From Publishers Weekly
The history of the family Shepher is a "record of theft, domestic discord, mutual blame-laying and bad luck." Despite that--or perhaps because of it--this British author's debut novel is warm and engrossing, rich with historical detail and unmet yearning. The discovery of a mysterious, handwritten volume of the Bible, apparently the property of biblical scholar Shulamit Shepher's great-grandfather, brings Shulamit from her home in England back to her family's small bungalow in Jerusalem. There, in an attempt to unravel the book's origins, she recounts her family's troubled history, beginning with her great-grandfather Shalom, who disappeared for two years and returned addlebrained and clutching this strange book, known thereafter only as the Codex. Shulamit has inherited her great-grandfather's scholarly interests, but not his traditional Jewish practice. Still, she welcomes the attentions of a religious zealot named Gideon Ben Gibreel--who seeks the Codex for reasons he won't reveal--even as she tries to decide whether the book is the key to reviving her academic career. More than anything, this wide-ranging novel is a meditation on the power of the Holy City, able to restore or shake the faith of whoever enters. As Shulamit notes, "Of all the cities of the world Jerusalem has one of the shabbiest gates of arrival, and coming or going one is greeted by graves." (Apr.)
Copyright © Reed Business Information, a division of Reed Elsevier Inc. All rights reserved.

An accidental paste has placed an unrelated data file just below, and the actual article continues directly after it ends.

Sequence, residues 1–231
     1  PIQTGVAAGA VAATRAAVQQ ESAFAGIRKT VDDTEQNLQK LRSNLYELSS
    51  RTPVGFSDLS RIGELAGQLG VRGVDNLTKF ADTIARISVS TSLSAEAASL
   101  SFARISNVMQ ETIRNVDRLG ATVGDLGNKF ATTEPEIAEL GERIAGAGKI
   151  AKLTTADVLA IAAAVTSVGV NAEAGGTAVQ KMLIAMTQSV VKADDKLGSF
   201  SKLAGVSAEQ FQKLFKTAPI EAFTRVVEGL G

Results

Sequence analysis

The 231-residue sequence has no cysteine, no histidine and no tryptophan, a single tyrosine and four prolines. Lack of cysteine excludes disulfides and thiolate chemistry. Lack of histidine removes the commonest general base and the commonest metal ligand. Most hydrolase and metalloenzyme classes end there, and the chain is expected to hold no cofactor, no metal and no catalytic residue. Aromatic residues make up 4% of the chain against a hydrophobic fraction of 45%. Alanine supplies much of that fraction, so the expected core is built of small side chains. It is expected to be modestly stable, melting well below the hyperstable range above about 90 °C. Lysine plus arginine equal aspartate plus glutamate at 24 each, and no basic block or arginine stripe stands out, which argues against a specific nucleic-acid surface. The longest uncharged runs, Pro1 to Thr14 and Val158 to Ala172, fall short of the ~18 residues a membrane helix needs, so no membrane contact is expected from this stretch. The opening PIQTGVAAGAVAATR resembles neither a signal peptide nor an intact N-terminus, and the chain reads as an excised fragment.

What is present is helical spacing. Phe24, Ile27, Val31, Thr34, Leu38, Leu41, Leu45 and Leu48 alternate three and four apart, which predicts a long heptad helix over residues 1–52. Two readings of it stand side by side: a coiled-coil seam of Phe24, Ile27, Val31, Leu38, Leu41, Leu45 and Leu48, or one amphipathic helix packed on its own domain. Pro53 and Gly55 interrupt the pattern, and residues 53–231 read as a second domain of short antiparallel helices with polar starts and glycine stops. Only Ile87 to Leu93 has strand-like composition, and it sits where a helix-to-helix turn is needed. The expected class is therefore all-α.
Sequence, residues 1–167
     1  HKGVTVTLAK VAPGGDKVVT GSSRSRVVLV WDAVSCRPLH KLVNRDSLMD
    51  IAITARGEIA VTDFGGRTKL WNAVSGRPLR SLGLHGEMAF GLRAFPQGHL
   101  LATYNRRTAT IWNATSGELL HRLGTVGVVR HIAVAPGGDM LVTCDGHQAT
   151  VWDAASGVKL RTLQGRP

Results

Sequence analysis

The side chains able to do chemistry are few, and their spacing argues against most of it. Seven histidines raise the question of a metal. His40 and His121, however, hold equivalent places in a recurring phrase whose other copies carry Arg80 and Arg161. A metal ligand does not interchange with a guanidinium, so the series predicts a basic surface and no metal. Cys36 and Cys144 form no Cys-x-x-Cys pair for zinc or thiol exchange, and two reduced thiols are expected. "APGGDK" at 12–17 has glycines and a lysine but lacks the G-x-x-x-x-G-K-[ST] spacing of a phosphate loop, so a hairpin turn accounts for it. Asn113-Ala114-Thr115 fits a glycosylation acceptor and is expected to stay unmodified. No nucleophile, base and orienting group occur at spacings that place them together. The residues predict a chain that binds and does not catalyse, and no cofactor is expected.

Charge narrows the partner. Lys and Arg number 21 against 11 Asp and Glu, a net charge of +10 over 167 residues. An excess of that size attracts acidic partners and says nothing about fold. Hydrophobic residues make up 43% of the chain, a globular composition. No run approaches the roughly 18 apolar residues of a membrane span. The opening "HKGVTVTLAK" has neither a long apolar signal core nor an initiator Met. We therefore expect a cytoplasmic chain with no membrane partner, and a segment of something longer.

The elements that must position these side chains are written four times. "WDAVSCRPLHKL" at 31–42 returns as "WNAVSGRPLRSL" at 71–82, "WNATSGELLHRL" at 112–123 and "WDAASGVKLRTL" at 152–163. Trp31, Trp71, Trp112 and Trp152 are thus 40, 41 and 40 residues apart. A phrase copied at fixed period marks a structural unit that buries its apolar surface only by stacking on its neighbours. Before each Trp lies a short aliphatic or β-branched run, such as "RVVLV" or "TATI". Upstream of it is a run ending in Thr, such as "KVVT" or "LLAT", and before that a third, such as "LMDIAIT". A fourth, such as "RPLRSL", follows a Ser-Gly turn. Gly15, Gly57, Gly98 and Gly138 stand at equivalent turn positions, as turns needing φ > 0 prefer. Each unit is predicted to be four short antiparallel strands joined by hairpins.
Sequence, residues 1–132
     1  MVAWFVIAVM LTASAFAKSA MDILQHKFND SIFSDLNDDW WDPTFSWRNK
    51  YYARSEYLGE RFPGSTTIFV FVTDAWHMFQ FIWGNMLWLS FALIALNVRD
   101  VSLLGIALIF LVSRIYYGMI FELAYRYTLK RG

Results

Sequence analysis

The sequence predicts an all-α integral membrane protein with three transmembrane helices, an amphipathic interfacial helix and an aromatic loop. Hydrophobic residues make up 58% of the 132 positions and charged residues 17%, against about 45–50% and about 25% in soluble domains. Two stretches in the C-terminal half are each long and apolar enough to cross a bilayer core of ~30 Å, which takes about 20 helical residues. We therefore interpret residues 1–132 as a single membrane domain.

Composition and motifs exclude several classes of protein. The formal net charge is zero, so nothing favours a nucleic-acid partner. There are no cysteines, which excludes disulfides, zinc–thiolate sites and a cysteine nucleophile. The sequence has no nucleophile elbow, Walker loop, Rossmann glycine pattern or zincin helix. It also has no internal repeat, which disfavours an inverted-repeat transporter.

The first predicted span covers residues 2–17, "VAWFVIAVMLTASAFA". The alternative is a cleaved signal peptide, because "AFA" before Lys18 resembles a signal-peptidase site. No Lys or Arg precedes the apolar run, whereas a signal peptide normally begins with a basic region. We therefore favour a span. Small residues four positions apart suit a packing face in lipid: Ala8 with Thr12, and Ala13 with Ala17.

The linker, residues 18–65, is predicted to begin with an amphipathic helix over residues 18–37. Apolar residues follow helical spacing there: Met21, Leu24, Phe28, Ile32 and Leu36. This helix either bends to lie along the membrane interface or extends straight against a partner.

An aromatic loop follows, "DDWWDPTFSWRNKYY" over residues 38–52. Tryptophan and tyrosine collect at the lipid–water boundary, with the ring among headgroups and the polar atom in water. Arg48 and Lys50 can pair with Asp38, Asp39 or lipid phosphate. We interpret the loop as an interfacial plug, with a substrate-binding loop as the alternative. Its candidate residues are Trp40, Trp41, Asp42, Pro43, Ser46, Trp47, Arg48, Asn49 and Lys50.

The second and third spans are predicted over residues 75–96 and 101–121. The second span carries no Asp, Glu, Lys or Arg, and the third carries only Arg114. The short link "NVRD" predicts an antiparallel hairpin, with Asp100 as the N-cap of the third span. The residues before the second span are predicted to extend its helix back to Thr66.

*Starred Review* Yellin's first novel is impossible to put down. Both genealogical history and treasure hunt, it is one of those books that winds the reader in gauzy layers of ancient and recent history, woven into confusing patterns but somehow not losing sight of each other. The protagonist, an independent and single biblical scholar named Shula,is deeply connected to her family's history but not especially interested in either her own present or future. Tracing her genealogy through four generations to her great-grandfather Shepher, she learns of his purported journey to unknown lands to seek the lost tribes of Israel. More than 100 years later, a codex--a very early copy of the five books of Moses--is found in the Shepher family home outside Jerusalem shortly before the building is slated for demolition. Shula returns to the house, site of family vacations throughout her childhood, to find the remaining family in tumult, unsure of what to do with this archaeological treasure. When a strange man arrives to beg Shula to give him the codex, she is tornbetween her disconnection from her living family and her desire to honor its ancient past, however improbable it might sound. Although Shula's personal life and inner struggles do not truly resolve themselves, the story of the codex and the Shepher family history are more than enough to pull this novel through with beauty, deep love, and a timelessness thatwill likely make it a classic. Debi LewisCopyright © American Library Association. All rights reserved